New York Times Examines Aid Effort Challenges For Slow-Moving Disasters With A Focus On Pakistan
The New York Times examines the international aid response to the recent floods in Pakistan and takes a closer look at aid challenges that arise for what the article calls “slow-moving disasters.”
“In all, $3.4 billion has been collected for the victims of the Haiti earthquake as of October, with more than $1.1 billion coming from private donations, according to figures compiled by the United Nations. Close to $1.7 billion has been pledged for Pakistan, but less than $300 million came from private donors. The United States government pledged almost one-third of the total,” the newspaper writes. “Humanitarians have long struggled with this paradox. The number of dead, along with the swiftness and drama of their demise, trumps almost any amount of agony among those who survive a disaster, particularly a creeping one,” according to the article.
“The fact that individual donors have seemingly irrational reasons for giving to one disaster and not another demonstrates how counterproductive the current methods of raising money for humanitarian relief are,” the New York Times writes. Peter Walker, a humanitarian aid expert at Tufts University, said people often think that countries need a quick burst of funds to recover and get back to normal, which might be true for wealthier nations. “But in poorer countries like Haiti and Pakistan, a major disaster fundamentally changes the equation, and their needs are both immediate and long term,” the newspaper writes.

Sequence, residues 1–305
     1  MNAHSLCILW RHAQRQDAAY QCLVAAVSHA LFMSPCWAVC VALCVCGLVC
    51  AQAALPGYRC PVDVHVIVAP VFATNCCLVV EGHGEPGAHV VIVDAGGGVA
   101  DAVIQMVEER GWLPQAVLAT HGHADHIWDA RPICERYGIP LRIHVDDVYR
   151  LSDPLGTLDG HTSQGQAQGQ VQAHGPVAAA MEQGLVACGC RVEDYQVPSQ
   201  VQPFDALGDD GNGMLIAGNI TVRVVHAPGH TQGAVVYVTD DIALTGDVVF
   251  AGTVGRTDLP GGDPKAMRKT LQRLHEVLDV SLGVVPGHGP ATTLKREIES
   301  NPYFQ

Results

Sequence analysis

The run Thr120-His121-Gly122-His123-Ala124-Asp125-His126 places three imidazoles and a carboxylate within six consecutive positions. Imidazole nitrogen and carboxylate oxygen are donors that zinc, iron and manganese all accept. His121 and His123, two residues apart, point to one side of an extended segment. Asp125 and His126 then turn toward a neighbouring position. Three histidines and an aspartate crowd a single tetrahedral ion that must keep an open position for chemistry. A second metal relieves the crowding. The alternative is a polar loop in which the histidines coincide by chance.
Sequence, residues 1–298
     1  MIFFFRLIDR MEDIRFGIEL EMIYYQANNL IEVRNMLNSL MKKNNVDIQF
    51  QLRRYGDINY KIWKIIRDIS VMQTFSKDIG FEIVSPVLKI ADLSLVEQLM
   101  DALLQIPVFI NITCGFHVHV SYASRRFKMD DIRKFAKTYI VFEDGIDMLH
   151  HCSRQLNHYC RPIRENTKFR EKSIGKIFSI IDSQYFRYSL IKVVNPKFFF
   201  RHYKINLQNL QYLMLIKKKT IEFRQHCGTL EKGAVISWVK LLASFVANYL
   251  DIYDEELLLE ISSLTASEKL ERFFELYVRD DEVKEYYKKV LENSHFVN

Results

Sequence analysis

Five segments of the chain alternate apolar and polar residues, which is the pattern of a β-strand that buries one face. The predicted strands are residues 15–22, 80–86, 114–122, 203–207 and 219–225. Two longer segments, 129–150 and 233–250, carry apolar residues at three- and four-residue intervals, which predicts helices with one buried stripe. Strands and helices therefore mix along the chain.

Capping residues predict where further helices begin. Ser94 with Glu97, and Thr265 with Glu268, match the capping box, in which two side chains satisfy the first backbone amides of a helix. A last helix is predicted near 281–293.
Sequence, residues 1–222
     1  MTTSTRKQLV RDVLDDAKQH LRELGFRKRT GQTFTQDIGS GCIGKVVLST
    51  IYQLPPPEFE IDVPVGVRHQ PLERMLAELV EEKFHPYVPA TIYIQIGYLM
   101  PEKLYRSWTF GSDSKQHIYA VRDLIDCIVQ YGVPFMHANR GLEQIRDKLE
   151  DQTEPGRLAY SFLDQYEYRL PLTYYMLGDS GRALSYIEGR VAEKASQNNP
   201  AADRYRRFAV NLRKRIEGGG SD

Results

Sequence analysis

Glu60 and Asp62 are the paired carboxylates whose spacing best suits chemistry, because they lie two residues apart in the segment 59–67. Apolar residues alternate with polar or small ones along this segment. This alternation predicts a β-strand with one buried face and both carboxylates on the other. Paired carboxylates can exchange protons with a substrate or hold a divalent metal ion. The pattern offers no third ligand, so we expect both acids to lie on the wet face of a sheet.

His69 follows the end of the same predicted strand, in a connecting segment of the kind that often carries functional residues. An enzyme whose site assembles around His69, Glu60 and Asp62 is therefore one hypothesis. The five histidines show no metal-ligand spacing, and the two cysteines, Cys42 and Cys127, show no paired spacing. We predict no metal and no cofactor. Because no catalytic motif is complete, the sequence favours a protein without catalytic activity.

The article notes that other long-termÂ crisis situations, like Darfur, “have attracted widespread news coverage and large-scale humanitarian aid.”Â According to the newspaper,Â “two-thirds of humanitarian spending goes to ‘crises’ that have been going on for more than five years, Mr. Walker said, places like Sudan, Congo and Afghanistan, and now Haiti and Pakistan.” The piece also looks at how news media coverage factors into the aid response.
“Doctors Without Borders examined the flood of new donors after the Indian Ocean tsunami and compared them with the new donors who gave to Haiti. Haiti donors were more likely to give a second gift, they found. People with a longer history of giving to the organization, however, were more likely to have given to Pakistan. … Over all, officials at Doctors Without Borders said, the response to the Pakistan floods has been generous.” The article includesÂ comments fromÂ Michael Glantz, a political scientist, Randy Strash, with World Vision, Farooq Tariq, a human rights activist, andÂ Jennifer Tierney, with Doctors Without BordersÂ (Polgreen, 11/10).
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